Marketplace Fairness Act: Good for Wal-Mart, bad for consumers

Monopolistic big box retailers killed the mom and pop store; now they want to kill internet entrepreneurs. Photo: AP

WASHINGTON, March 19, 2013 ― As often happens when members of Congress help out their wealthy cronies, a bill called the Marketplace Fairness Act has popped out of committee and onto the Senate floor with very little warning. Despite its deceptively positive name, this is a giant tax mandate. It is designed to benefit big-box retailers and reduce competition from online businesses by enabling state  and local taxation of internet sales.

Right now, tax is collected by sellers on internet sales only when the buyer and seller are physically located in the same state. This bill from Senator Jack Reed (D-RI) would lift the usual federal protections on interstate commerce and authorize state governments to tax sales which cross state lines, and put the burden of collecting that tax on the online business, regardless of where it is located.

(CORRECTION: Senator Reed is cosponsor to the Marketplace Fairness Act.  The bill (S.336) is authored by Senator Michael Enzi (R-WY). We regret the error)

This addresses a perceived inequity suffered by large nationwide retailers which have retail outlets in every state and therefore charge tax on all of their sales in person or online. They are at a presumed disadvantage when competing with businesses which operate primarily online and do not charge taxes on most sales.

The unfairness of this is debatable. Online businesses operate under the same rules which mail-order businesses have been under for years. All that has changed is that there are more of them and they have greater access to consumers through the internet.

Store chains with physical locations have many advantages which offset tax disadvantages. They can attract casual and impulse  buyers and allow them to examine their products with access which is impossible online. Their size and the bulk in which they buy products wholesale give them an advantage through economies of scale which allow them to sell products through their stores at substantially reduced prices. They can further undercut online retailers because they do not have to pay shipping to deliver each product.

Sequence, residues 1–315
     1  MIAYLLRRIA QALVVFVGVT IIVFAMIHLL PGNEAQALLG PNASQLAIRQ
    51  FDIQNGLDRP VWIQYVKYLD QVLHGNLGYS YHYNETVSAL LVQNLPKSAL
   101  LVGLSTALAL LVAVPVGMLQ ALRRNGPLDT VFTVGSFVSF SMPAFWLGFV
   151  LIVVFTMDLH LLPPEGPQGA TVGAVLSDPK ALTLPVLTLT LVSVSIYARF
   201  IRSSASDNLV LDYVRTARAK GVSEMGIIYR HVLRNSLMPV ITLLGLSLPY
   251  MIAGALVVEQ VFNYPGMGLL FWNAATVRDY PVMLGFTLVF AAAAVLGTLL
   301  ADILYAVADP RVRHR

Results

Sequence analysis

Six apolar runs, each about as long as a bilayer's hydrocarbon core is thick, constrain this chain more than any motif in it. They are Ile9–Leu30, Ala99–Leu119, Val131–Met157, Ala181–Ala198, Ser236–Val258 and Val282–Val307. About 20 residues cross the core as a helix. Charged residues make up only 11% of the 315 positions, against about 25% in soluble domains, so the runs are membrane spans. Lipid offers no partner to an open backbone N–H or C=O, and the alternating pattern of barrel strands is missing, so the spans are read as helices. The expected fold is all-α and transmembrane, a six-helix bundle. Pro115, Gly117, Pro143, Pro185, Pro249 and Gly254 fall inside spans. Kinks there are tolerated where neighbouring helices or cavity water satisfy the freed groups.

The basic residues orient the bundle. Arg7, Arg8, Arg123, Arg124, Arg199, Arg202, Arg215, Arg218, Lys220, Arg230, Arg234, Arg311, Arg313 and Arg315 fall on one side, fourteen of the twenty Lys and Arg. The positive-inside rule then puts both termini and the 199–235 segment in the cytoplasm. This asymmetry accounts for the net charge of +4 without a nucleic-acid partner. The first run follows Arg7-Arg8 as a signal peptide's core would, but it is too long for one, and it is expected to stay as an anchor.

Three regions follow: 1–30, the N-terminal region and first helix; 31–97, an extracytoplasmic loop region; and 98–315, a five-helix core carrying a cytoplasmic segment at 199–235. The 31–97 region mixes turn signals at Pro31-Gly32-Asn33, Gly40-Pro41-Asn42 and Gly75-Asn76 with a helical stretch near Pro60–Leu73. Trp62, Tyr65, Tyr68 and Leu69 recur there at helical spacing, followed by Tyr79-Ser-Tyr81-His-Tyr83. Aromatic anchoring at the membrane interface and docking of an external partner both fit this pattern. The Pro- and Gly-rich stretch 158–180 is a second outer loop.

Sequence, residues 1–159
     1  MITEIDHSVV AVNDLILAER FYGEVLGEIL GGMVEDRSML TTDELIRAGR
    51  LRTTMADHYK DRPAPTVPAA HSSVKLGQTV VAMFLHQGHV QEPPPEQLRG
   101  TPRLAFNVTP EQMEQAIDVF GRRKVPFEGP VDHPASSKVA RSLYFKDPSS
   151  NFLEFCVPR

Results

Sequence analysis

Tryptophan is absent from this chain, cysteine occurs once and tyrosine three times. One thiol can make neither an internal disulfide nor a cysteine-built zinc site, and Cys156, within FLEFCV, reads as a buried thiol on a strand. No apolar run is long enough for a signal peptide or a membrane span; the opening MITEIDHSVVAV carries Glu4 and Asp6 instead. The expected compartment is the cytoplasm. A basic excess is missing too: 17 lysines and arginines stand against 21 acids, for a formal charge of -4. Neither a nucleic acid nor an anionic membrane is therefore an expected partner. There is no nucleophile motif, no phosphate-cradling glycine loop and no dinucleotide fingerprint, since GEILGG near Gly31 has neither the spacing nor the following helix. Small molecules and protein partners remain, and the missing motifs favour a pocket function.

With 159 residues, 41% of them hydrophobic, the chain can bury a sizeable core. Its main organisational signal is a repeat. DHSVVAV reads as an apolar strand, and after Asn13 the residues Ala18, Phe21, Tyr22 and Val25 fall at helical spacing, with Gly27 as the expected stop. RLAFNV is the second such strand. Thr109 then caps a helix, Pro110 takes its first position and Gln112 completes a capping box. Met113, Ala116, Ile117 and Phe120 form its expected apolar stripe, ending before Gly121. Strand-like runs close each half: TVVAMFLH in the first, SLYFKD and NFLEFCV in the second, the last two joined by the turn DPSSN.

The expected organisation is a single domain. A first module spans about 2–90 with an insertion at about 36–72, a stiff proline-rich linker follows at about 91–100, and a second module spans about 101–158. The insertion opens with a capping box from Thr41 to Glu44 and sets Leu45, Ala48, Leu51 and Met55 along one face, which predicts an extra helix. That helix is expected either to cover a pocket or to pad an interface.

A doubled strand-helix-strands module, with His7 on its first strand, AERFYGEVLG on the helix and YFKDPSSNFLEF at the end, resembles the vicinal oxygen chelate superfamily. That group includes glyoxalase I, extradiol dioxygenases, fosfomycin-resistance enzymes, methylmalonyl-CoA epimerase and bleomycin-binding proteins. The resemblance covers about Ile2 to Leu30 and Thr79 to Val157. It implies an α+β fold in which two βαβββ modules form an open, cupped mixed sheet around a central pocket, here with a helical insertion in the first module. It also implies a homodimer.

They are hardly suffering in any real way, except that they are being forced to endure competition.

Most online businesses aren’t giants like Amazon. They are entrepreneurial micro businesses which operate in very specialized areas and have to do everything they can to cut overhead. They are the breeding ground of the next great businesses which will grow our economy and are already the strongest area of retail growth area in the nation. 

In a time of recession we need new businesses and the activity they generate to rebuild our economic strength. Online businesses have become a haven for many of the unemployed, who have taken their savings and invested them in internet businesses, finding a new way to earn a living and become a new middle class. Through an online store, anyone can open a retail business without the overhead of a physical store, making the internet the ultimate retail democratizer.